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Michael Andrew Hourigan


Michael Hourigan has died. 

Michael Hourigan, you may recall, was an Australian national who in 1996-1997 served as an investigator for the Office of the Prosecution at the International Criminal Tribunal for Rwanda.  Established in late 1994 by UN Security Council Resolution 955, the ICTR was charged with “prosecuting persons responsible for genocide and other serious violations of international humanitarian law committed in the territory of Rwanda and Rwandan citizens responsible for genocide and other such violations committed in the territory of neighbouring States, between 1 January 1994 and 31 December 1994…” (para. 1).

Hourigan and his “National Team” of roughly 20 investigators found three members of Paul Kagame’s Rwandan Patriotic Front who had volunteered the information that it was in fact Kagame’s RPF that on April 6, 1994, shot-down then-Rwandan President Juvenal Habyarimana’s jet as it approached the airport in Kigali, assassinating Habyarimana as well as President Cyprien Ntaryamira of Burundi, along with 11 others.  Both Habyarimana and Ntarymira were Hutu; Kagame, to this day still the president of Rwanda, is Tutsi.  The shoot-down was the incident upon which Kagame’s RPF launched its final military campaign to seize state-power in Rwanda.  In less than 100 days, Kagame’s RPF succeeded.
  
In early 1997, Hourigan presented ICTR Chief Prosecutor Louise Arbour with his evidence that the RPF was responsible for the shoot-down.  But to his shock and surprise, Arbour quashed the investigation and buried the evidence.

At the Second International Criminal Defense Conference, held in Brussels on May 21-23, 2010, Hourigan gave an interview from his home in Australia via Skype (I believe) to ICTR Defense Attorney John Philpot. 

You can watch a video record of Philpot’s 15-minute interview with Hourigan here: “Louise Arbour Was Wrong to Stop My Investigation”.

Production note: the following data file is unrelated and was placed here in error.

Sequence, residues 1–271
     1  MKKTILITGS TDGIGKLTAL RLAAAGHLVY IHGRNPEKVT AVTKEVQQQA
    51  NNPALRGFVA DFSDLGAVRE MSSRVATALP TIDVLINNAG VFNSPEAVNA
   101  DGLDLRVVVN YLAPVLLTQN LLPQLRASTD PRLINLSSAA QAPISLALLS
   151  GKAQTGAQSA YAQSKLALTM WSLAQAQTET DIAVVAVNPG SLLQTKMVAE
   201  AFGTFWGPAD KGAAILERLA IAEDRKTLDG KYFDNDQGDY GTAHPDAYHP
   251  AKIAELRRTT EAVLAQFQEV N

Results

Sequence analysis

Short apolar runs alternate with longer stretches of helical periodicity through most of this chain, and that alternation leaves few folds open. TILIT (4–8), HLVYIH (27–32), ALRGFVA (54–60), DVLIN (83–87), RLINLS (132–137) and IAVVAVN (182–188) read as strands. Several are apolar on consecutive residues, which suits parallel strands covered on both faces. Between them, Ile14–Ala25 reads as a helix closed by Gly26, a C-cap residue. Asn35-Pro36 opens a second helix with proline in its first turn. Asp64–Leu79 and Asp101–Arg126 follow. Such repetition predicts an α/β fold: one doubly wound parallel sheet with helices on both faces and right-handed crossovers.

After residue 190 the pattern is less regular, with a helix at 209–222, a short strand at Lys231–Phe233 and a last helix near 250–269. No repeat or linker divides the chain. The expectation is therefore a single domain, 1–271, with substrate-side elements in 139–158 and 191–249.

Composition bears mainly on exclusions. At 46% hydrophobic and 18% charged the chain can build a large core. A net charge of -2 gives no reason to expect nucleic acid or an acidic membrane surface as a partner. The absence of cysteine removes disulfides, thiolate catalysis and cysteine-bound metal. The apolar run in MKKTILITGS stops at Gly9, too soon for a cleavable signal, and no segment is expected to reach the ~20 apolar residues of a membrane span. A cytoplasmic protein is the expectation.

In the short transcript that follows, I pick-up Hourigan’s words at approximately the 12:20 mark of the video, immediately after John Philpot asked Hourigan: “What transpired at that meeting?”
 
 

Michael Hourigan: “We had a meeting early in the morning….I presented her [Judge Louise Arbour] a memorandum…about informants’ information.  She read that.  But her attitude was completely different this one week later.  She was aggressive, very negative, insisted that the information was probably unreliable.  She questioned me as to the sources—of course I couldn’t tell her the names of the informants.  I told her of the investigators on my Tribunal team who had the information.  She was very critical of them.  And, to cut a long story short, she said, in any event, whether the information is accurate or inaccurate, it’s outside our mandate, and the investigation has to come to an end.  And as I’ve indicated…no one had ever said that to me in the previous year.  But in any event, I know that in our own Rwanda Statute, there are provisions that cover acts of terrorism, contrary to her direction, it was clearly within our mandate, and I indicated to her that she was wrong.  And she said to me, Are you questioning my authority?  I said, No, I’m just questioning your judgment.  She said, Well, I’m directing you: This investigation is at an end.  She asked me to leave the room, which I did.  I left the room, and subsequently returned to Kigali, and resigned.”

 
 
A copy of the March 8, 2007 Affidavit of Michael Andrew Hourigan to the International Criminal Tribunal for Rwanda is archived at the Rwanda Documents Project

The Affidavit recounts in detail the history of Hourigan and his investigative team’s collection of evidence related to the April 6, 1994 shoot-down of President Habyarimana’s jet, and, more important, the subsequent quashing of the investigation by ICTR Chief Prosecutor Louise Arbour. 

The Affidavit states that Hourigan and his “National Team” were instructed by the ICTR’s original Chief Prosecutor Richard Goldstone to “Identify the person(s) responsible for the fatal rocket attack on 6 April 1994 killing President Habyarimana and all others on board” (para. 4.4).